University of Miami Business Law Review


Deepti Orekondy

Document Type



Multiple cases decided before the National Labor Relations Board (“NLRB”) have continuously narrowed the scope of the joint employer doctrine. Most recently, in the case of Browning-Ferris Indus., 362 N.L.R.B. No. 186 (August 27, 2015), the NLRB overturned decades of precedent and adopted a much more expansive standard that reverts the doctrine back to its original understanding in 1965. Prior to this decision, the joint employer doctrine established a joint employer relationship when both entities had meaningful control over the terms and conditions of employment and actually exercised that authority. After Browning-Ferris, the new standard now only requires “indirect” control, regardless of actualization of that authority, over workers for businesses to be considered employers and be responsible for labor disputes and negotiations.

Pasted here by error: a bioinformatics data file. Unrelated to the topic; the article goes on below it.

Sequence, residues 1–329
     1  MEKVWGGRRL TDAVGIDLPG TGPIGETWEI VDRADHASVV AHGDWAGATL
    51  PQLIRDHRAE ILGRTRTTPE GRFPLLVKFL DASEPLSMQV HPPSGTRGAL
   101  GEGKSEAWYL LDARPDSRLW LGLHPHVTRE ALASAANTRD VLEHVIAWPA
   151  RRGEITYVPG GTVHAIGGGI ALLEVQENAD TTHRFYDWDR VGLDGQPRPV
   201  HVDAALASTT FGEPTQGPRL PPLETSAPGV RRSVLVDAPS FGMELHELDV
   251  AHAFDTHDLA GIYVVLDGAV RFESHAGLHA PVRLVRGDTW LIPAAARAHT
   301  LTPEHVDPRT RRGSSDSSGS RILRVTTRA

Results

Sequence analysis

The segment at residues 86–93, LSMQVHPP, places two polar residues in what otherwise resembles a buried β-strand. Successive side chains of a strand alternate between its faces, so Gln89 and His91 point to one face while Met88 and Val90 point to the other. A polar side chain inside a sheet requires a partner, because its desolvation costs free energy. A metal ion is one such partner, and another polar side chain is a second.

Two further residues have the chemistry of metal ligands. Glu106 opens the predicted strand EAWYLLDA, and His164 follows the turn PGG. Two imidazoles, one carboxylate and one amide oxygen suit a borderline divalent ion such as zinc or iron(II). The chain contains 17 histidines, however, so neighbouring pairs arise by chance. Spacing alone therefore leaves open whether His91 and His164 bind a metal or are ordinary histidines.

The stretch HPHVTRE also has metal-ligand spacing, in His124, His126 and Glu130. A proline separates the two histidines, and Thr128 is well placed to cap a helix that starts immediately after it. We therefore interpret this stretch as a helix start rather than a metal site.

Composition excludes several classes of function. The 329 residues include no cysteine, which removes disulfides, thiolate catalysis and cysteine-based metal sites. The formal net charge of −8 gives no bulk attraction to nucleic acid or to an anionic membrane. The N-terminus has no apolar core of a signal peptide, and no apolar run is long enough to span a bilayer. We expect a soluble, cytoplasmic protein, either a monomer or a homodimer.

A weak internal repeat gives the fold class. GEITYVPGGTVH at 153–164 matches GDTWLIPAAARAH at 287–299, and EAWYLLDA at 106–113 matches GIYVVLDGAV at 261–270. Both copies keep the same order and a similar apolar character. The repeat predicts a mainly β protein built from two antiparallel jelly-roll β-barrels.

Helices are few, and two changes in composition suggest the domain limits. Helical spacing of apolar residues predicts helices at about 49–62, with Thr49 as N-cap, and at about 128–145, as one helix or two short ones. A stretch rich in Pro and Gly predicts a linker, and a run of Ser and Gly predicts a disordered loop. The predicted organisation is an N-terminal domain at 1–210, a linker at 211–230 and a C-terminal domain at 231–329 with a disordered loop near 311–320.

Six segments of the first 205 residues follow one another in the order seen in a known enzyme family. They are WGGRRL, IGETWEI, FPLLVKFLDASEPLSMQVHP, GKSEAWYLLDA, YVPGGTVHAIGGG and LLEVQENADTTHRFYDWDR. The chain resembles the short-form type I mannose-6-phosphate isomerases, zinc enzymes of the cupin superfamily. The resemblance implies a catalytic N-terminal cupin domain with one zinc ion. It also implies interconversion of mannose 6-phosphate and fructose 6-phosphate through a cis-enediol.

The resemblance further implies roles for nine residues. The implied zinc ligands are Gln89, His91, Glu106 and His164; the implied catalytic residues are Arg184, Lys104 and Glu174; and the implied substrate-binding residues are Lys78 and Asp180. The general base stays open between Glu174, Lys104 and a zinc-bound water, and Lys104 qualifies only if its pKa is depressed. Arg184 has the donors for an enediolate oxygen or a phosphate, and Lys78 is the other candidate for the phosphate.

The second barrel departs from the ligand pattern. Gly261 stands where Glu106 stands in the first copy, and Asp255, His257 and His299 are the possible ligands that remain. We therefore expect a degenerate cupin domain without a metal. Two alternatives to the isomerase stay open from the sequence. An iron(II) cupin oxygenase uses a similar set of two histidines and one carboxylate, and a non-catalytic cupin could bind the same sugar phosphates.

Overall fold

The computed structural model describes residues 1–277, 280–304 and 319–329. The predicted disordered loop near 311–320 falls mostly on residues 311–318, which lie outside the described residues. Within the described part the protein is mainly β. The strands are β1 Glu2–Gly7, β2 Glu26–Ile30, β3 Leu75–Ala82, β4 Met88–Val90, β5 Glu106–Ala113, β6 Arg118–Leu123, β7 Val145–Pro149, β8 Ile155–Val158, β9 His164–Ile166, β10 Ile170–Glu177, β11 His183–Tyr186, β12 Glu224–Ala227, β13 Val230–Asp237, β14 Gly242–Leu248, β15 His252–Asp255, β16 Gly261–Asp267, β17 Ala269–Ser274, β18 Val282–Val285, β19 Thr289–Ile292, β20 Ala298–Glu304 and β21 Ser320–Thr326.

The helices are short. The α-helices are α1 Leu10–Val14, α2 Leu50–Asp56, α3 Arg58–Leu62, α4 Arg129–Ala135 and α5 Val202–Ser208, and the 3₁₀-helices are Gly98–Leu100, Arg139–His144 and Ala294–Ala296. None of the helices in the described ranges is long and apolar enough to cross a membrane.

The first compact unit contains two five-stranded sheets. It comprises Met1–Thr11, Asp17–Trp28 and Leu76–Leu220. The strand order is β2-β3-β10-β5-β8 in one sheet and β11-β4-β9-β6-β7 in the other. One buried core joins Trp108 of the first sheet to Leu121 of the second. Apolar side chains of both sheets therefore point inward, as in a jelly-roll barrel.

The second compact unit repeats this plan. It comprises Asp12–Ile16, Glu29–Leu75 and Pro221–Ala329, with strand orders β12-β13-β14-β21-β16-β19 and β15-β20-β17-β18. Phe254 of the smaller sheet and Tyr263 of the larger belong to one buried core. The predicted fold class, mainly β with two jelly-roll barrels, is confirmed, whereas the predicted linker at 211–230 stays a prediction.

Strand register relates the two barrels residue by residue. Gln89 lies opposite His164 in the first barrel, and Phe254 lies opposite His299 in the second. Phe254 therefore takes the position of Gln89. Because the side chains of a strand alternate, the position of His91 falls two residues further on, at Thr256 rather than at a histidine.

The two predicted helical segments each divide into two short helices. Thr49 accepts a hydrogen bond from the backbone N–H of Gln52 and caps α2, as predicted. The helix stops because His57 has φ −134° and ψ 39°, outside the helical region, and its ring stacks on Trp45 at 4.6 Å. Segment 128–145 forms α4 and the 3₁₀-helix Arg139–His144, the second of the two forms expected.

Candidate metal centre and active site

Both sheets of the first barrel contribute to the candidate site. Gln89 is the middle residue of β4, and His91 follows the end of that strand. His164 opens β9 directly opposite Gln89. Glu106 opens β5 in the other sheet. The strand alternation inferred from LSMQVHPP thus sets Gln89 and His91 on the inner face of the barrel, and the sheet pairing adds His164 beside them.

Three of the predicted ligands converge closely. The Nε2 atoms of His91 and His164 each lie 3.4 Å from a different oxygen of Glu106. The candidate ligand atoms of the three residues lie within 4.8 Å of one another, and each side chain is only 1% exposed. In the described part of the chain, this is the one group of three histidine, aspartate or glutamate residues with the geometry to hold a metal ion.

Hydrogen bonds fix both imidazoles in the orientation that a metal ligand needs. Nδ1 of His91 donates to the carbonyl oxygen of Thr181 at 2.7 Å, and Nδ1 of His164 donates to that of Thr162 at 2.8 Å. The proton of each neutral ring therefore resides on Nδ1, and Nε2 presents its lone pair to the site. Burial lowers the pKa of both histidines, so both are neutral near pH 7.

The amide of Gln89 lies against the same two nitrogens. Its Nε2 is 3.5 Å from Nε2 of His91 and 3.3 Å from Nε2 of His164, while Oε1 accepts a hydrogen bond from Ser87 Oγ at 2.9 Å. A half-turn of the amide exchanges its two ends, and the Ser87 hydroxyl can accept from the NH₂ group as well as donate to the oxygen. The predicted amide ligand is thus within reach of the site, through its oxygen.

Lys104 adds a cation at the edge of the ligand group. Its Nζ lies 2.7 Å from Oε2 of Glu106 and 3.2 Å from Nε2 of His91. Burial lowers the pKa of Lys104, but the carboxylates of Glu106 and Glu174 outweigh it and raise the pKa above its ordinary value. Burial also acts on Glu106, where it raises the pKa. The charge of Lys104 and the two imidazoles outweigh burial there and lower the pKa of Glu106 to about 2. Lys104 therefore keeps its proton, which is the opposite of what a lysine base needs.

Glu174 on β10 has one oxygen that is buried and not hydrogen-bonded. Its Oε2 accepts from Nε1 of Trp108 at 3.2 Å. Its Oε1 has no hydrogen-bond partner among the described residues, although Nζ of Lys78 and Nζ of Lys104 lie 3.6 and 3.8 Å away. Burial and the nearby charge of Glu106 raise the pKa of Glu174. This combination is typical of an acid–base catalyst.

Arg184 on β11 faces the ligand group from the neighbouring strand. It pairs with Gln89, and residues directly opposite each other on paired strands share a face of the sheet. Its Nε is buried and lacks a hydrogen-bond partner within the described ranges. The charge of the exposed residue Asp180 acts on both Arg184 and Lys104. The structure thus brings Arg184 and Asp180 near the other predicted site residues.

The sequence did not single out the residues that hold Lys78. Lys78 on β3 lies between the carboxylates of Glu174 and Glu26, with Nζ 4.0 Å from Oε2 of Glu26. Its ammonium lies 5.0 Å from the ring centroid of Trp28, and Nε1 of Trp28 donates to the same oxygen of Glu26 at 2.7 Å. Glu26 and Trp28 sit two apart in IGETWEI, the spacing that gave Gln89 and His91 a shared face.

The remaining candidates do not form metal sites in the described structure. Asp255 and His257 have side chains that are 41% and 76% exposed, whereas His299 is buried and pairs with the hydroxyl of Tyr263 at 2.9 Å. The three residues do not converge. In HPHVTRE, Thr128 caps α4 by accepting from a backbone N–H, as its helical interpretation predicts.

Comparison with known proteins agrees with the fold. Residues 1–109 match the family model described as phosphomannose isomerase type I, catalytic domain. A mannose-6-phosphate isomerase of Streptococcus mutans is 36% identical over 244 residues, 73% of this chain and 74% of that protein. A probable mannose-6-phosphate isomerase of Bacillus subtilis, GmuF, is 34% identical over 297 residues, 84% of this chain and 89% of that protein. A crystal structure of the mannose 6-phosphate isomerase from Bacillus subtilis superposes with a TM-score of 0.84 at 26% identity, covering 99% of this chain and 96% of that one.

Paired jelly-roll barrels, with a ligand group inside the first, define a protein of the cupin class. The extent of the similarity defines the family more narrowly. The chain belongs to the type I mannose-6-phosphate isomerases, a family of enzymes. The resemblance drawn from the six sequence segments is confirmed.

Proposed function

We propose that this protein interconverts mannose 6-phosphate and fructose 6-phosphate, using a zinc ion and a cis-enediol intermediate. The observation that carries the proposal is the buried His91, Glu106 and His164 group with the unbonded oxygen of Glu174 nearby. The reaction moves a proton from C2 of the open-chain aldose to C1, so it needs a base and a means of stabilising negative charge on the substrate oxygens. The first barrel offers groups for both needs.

The new standard has far reaching implications for the labor industry and affects the bargaining power and rights of entities all the way down the chain. The changes lead to increased liability for employees, greater bargaining power for unions.